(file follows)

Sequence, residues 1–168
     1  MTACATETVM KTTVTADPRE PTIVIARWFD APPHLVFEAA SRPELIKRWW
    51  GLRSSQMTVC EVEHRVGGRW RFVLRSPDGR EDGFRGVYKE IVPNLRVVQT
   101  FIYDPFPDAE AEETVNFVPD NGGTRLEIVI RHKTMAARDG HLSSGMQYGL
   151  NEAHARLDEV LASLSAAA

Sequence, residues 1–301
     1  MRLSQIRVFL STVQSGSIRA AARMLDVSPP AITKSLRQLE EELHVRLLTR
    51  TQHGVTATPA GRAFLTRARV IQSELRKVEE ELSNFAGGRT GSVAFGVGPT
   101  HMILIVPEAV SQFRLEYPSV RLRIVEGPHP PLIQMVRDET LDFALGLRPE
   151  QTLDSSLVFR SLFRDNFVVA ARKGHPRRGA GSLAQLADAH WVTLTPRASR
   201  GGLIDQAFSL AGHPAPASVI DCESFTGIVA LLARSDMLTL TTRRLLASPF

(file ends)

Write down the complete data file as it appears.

Sequence, residues 1–168
     1  MTACATETVM KTTVTADPRE PTIVIARWFD APPHLVFEAA SRPELIKRWW
    51  GLRSSQMTVC EVEHRVGGRW RFVLRSPDGR EDGFRGVYKE IVPNLRVVQT
   101  FIYDPFPDAE AEETVNFVPD NGGTRLEIVI RHKTMAARDG HLSSGMQYGL
   151  NEAHARLDEV LASLSAAA

Sequence, residues 1–301
     1  MRLSQIRVFL STVQSGSIRA AARMLDVSPP AITKSLRQLE EELHVRLLTR
    51  TQHGVTATPA GRAFLTRARV IQSELRKVEE ELSNFAGGRT GSVAFGVGPT
   101  HMILIVPEAV SQFRLEYPSV RLRIVEGPHP PLIQMVRDET LDFALGLRPE
   151  QTLDSSLVFR SLFRDNFVVA ARKGHPRRGA GSLAQLADAH WVTLTPRASR
   201  GGLIDQAFSL AGHPAPASVI DCESFTGIVA LLARSDMLTL TTRRLLASPF